Sadly, too often we write about the latest suicide or suicide attempt committed on the Verrazano-Narrows Bridge. Earlier this week, we told you about the latest incident involving a 39-year-old man who was heroically rescued after attempting a leap from the iconic bridge.
Obviously, committing suicide by jumping off the Verrazano Bridge is nothing new, evidenced by this incredible photograph posted by Flickr user “extrabox.” Extrabox described where the dynamic and harrowing photograph originated from:
A scan from my magazine collection showing the dark side of my beloved Verrazano Bridge. It’s from the July-August 1965 issue of SPRING 3100 which was a magazine for NYC cops (named after the telephone exchange number for the old Police headquarters building on Centre Street). The caption for this image: “Ptl. Erik A. Olsen, ESS 5, finds himself on edge of iron girder high up on Verrazano-Narrows Bridge grappling with a would-be jumper before pulling the man to safety. Olsen’s partner, Ptl. George Sica, ESS 5, secured other end of safety rope.” This was less than a year after the bridge opened in November 1964.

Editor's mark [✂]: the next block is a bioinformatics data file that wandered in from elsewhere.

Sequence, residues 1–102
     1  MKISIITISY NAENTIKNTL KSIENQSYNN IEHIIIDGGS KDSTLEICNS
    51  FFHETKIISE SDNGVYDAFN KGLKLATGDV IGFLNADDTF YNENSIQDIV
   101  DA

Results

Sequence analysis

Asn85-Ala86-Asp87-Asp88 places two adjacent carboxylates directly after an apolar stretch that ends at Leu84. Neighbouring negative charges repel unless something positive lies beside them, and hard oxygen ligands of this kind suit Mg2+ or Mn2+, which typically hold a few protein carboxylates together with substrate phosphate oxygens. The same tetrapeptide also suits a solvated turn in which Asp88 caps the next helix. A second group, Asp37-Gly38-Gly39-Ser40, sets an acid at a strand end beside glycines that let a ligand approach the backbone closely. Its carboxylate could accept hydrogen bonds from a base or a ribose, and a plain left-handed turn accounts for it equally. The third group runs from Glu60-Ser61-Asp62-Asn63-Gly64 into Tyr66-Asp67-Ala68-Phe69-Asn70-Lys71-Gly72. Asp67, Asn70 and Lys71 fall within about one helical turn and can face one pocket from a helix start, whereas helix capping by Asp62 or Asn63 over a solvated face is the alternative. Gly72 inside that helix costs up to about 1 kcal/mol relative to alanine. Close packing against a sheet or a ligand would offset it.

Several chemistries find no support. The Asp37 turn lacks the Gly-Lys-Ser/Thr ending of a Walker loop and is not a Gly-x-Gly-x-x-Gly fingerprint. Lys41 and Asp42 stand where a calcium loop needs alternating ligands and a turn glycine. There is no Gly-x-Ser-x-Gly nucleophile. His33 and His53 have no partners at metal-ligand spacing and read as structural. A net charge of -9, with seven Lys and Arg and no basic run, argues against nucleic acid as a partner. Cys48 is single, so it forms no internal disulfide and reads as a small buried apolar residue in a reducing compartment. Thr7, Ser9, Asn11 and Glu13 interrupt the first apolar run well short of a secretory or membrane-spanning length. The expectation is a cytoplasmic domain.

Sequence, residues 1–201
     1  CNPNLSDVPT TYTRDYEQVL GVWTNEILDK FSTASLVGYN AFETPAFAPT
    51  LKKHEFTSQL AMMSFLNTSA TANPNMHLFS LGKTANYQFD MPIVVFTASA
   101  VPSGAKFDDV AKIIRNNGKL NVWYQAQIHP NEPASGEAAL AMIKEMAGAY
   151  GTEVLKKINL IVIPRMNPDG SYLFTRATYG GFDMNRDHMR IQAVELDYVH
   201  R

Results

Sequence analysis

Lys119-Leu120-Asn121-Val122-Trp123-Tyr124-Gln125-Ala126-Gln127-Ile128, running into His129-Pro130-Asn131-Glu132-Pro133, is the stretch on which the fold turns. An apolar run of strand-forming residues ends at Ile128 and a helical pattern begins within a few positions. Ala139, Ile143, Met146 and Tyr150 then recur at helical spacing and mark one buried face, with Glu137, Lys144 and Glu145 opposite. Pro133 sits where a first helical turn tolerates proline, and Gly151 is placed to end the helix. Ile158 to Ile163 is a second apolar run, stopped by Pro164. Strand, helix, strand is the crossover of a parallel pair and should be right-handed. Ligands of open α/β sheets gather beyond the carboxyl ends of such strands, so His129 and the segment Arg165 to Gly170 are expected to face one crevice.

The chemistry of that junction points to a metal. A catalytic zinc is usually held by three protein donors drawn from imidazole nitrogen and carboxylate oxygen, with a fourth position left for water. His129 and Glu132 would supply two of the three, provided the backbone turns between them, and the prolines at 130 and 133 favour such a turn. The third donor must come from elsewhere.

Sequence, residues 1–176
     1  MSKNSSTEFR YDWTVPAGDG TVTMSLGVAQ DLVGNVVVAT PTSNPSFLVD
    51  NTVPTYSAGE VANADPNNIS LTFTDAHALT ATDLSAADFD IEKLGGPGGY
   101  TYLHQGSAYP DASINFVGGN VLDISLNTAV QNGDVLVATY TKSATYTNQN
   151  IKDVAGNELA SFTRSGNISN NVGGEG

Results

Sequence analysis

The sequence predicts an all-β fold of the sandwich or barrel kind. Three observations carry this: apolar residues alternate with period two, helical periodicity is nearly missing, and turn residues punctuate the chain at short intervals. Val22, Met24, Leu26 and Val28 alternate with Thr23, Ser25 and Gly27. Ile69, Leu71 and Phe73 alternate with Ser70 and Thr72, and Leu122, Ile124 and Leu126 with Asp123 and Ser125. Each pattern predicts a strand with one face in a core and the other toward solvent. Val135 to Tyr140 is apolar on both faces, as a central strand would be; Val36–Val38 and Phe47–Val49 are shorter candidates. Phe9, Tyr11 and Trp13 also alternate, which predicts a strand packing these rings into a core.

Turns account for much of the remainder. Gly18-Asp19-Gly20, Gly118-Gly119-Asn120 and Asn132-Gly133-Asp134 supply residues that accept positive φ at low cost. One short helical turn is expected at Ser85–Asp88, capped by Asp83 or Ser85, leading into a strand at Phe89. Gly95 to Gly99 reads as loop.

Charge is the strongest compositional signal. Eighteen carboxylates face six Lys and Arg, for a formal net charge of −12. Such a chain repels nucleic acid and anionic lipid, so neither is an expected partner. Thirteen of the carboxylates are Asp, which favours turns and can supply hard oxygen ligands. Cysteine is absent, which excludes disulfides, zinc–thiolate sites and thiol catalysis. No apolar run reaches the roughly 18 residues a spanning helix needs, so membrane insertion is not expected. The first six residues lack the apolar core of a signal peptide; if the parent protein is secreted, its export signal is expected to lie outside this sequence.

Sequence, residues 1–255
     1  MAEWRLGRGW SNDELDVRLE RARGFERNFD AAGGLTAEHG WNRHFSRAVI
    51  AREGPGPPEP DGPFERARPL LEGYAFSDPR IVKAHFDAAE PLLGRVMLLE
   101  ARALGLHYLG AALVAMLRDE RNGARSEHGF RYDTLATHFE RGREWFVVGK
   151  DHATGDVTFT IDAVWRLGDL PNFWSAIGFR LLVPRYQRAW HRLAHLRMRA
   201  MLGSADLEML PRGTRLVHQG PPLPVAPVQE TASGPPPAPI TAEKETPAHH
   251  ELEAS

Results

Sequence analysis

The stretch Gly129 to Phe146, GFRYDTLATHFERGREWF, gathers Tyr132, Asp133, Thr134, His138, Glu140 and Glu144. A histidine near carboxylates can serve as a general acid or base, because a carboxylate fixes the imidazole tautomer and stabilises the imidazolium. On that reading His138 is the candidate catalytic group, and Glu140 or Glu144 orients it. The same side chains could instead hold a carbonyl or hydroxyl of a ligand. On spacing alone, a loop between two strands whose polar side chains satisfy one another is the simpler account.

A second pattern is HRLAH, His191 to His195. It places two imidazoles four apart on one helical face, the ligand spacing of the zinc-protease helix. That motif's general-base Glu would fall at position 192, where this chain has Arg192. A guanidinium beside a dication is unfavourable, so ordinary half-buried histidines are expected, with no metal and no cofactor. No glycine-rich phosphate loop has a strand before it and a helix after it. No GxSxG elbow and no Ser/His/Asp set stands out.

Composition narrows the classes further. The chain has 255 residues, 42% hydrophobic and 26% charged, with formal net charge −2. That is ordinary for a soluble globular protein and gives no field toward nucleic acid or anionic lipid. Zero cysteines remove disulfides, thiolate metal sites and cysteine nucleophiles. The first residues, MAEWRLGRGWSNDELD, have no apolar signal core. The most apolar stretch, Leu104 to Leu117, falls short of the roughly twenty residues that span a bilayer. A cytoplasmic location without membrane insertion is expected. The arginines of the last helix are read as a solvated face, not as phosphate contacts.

Unbelievable. The only prevention measures available on the bridge at this time include general surveillance and patrols, and signs that read “Life is worth living” with phones that link directly to suicide hotlines. With the rash of suicides and attempts in the last few years, some have argued that more has to be done to keep people from jumping.